Jessica Korda survived a six-player playoff on Sunday to take the Women's Australian Open at Royal Melbourne, sealing her first professional win with a 25-foot birdie putt on the second hole of sudden death.
The win, coming in just her 16th LPGA start, is historic on many levels.Korda becomes the fourth-youngest player to win in LPGA history, only bettered by contemporaries Lexi Thompson and Paula Creamer, and World Golf Hall of Fame member Marlene Hagge. Defeating five other players in sudden death, Korda notched her maiden LPGA title in a playoff of record-tying size (the 1999 Kroger Classic was the other with six players).
The win is a boost to her bank account – taking $165,000 for the win – as well as her confidence. In her rookie year in 2011, Korda made just eight cuts in 15 events and had one top-20 finish at the Avnet LPGA Classic.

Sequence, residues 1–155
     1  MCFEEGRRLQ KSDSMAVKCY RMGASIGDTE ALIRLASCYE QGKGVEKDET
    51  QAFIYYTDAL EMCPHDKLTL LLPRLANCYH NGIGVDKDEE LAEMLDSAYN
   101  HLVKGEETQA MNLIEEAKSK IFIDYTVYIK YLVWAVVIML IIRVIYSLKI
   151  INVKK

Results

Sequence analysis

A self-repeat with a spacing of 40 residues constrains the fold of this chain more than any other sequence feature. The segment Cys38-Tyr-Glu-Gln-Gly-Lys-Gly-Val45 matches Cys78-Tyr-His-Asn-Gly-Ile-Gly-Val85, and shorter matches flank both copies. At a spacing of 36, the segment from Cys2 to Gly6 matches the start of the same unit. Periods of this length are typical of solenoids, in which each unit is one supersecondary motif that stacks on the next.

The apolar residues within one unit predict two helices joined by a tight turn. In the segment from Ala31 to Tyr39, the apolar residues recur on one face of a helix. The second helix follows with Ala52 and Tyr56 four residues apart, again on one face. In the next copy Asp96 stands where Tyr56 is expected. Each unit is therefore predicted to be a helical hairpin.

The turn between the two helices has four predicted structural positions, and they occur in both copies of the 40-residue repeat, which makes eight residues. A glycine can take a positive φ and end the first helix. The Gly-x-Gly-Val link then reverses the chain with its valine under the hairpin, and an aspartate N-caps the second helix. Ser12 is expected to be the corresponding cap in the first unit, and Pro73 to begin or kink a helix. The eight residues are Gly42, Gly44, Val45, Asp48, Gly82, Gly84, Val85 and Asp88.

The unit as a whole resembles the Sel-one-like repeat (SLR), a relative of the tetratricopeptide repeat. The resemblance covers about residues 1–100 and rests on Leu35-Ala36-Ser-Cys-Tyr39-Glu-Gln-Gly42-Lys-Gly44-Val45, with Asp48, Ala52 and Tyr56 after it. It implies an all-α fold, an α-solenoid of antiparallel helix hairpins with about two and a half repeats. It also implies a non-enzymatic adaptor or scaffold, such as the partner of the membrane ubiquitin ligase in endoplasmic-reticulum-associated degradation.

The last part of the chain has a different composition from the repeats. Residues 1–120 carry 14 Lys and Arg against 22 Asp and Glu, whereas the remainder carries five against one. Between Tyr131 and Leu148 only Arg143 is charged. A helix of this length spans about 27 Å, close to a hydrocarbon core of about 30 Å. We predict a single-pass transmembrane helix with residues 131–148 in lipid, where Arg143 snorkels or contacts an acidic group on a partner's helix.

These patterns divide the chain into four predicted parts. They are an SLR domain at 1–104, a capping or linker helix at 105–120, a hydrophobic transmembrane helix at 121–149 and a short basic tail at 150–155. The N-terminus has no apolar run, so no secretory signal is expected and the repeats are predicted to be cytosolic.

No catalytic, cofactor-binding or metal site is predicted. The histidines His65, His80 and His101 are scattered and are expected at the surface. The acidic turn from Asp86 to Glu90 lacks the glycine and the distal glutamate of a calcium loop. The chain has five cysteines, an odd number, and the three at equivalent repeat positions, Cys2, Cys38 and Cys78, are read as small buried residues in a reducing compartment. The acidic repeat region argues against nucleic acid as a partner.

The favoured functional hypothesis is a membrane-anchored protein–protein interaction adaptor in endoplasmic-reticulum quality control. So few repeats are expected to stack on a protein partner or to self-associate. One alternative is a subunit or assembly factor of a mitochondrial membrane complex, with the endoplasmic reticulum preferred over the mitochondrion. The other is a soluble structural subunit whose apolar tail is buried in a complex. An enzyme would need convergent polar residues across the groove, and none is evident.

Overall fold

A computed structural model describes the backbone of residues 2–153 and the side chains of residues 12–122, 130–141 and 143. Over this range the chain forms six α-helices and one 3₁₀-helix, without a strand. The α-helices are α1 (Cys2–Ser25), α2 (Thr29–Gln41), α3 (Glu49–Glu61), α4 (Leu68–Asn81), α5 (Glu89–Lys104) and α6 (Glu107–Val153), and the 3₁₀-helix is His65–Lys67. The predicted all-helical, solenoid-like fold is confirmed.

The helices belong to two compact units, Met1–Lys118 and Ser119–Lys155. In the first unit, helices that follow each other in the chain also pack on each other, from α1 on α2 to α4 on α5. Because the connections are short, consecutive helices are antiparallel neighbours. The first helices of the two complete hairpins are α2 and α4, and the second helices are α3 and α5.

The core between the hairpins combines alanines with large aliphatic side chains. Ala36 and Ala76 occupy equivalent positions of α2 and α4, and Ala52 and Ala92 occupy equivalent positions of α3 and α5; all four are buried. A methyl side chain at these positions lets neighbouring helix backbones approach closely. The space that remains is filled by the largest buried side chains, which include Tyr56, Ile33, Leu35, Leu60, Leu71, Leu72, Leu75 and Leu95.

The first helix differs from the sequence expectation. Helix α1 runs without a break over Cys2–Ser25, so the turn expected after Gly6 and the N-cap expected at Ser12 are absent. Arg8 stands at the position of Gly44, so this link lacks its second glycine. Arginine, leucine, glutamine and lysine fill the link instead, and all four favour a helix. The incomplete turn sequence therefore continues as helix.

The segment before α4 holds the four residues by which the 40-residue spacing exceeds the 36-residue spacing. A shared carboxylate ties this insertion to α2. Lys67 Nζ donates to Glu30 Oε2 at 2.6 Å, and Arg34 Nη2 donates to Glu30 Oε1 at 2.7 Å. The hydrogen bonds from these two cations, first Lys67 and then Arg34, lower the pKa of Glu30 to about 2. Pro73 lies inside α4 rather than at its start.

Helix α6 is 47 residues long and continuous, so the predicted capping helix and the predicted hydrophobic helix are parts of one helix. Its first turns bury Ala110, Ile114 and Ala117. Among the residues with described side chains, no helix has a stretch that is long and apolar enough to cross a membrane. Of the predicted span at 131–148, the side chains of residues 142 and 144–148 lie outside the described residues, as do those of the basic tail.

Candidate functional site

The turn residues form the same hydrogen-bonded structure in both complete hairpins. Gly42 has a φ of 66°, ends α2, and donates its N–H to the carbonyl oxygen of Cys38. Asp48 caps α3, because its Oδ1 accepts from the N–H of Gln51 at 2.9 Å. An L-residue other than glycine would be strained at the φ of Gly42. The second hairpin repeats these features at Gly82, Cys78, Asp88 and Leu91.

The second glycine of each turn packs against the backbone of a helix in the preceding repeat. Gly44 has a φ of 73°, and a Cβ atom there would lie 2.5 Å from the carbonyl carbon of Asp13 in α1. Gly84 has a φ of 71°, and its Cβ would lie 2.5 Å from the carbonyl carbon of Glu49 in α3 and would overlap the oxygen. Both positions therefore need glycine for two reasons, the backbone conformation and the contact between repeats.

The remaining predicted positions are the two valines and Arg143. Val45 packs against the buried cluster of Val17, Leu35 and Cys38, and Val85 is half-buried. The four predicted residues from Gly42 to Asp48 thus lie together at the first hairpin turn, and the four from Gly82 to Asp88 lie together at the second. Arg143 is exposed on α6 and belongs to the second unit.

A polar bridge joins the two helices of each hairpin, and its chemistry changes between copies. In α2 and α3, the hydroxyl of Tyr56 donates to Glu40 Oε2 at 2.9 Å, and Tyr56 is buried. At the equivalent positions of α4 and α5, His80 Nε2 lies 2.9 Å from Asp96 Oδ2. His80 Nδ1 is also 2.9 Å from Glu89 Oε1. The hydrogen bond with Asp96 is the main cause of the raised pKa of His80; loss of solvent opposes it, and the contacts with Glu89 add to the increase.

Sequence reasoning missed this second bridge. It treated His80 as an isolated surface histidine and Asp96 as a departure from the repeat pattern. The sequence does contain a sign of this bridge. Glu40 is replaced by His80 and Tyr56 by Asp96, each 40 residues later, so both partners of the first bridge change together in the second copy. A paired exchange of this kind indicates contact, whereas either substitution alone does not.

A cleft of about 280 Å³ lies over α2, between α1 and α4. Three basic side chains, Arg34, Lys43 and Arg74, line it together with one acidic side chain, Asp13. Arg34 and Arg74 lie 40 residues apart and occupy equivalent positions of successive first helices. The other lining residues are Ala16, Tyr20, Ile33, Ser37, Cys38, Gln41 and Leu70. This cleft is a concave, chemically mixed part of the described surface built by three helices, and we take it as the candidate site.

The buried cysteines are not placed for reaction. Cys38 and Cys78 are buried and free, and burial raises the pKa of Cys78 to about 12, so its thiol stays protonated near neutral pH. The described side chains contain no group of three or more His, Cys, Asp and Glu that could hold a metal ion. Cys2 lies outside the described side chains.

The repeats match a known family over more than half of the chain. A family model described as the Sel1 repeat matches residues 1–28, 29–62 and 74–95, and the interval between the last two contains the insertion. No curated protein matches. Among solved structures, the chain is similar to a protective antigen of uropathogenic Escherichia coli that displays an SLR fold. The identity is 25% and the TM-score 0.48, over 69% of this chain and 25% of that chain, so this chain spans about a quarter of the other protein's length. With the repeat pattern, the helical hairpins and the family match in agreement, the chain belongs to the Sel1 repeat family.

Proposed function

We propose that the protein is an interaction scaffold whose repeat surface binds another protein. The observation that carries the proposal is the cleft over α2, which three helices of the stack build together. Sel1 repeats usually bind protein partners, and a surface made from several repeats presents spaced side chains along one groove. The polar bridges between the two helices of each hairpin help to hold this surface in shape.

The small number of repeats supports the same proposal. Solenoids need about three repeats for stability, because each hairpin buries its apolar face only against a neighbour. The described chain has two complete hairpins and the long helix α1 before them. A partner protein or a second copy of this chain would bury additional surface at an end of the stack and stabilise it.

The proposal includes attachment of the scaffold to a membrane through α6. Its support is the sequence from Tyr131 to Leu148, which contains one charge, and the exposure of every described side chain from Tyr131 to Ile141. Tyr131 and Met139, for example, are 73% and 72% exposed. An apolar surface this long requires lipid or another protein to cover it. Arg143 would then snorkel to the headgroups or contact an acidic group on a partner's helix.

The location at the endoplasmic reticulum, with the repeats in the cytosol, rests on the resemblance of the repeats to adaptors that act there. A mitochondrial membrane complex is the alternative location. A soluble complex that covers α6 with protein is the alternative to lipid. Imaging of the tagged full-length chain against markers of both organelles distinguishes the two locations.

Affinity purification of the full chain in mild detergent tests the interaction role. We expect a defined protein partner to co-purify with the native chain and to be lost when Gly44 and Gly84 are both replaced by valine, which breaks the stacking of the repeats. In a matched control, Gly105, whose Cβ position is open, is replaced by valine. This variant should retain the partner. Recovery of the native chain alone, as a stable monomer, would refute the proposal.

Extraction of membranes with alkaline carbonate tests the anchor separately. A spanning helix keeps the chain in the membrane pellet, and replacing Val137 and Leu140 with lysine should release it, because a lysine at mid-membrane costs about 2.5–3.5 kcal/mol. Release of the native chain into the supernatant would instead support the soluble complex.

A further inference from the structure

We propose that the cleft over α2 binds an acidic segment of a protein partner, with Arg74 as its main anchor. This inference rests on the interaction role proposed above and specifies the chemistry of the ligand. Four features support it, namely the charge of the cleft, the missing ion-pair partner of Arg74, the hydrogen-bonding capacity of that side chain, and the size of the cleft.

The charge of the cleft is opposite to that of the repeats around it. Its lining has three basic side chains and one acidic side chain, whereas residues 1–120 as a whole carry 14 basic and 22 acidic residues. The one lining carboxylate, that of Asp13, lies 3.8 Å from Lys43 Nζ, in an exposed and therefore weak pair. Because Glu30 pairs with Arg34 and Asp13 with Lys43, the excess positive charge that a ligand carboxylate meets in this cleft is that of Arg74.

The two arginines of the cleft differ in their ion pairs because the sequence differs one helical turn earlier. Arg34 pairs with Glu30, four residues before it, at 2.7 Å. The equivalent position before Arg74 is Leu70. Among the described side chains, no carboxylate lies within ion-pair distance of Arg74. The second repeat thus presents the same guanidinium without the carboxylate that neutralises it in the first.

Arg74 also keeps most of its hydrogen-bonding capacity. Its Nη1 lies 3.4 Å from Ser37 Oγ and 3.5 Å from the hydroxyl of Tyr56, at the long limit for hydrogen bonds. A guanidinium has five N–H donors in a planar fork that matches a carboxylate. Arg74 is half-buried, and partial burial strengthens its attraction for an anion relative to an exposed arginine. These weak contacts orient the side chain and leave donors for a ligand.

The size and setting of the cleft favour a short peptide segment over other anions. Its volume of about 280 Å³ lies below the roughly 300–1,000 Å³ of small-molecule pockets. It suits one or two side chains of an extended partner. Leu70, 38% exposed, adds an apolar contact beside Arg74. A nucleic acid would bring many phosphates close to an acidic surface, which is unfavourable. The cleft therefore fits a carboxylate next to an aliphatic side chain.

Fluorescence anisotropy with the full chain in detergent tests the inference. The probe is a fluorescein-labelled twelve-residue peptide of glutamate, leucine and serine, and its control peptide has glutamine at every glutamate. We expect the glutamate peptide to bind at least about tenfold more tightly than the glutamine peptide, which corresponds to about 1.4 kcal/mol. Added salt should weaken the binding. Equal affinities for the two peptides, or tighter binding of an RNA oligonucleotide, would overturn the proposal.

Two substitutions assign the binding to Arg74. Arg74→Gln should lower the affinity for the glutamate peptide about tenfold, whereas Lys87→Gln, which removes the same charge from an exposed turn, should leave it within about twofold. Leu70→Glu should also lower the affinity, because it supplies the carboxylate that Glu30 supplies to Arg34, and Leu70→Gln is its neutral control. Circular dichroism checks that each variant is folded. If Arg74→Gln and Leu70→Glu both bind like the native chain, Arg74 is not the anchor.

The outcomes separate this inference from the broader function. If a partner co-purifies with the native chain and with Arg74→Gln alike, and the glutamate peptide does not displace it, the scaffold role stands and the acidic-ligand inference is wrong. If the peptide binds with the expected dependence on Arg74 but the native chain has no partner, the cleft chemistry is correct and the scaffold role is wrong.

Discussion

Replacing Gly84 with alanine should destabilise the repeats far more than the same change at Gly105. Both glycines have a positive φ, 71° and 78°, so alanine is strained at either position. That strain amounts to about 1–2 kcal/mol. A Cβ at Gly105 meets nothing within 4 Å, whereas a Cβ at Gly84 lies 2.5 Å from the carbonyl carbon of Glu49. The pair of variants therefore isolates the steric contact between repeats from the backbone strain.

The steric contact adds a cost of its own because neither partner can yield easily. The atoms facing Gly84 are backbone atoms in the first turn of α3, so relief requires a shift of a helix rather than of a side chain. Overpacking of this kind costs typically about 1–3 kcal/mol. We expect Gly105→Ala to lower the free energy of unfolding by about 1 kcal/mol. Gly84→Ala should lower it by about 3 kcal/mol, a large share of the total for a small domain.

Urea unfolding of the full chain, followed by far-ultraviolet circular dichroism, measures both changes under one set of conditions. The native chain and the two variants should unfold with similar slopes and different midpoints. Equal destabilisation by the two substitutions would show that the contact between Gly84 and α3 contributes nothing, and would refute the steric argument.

For the LPGA, it certainly helps to say it has another American teenager as a champion. Coming off a year where a new star was born in Yani Tseng, challengers of all ages appear to be lining up to challenge her asserted dominance.
The Aussie Open playoff may also represent an American resurgence as Stacy Lewis and Brittany Lincicome, winners of two of the last three Kraft Nabisco Championships, were in the playoff as well. With Lexi Thompson and Korda, the quartet comprises the set of victorious Americans on the LPGA since 2011.
Perhaps most important for Korda, however, the professional breakthrough happened in the same country where he father, Petr, won the 1998 Australian Open in tennis.
'It is a really special place for my family,' Korda said. 'For my first win, I honestly could not have thought of a better place.'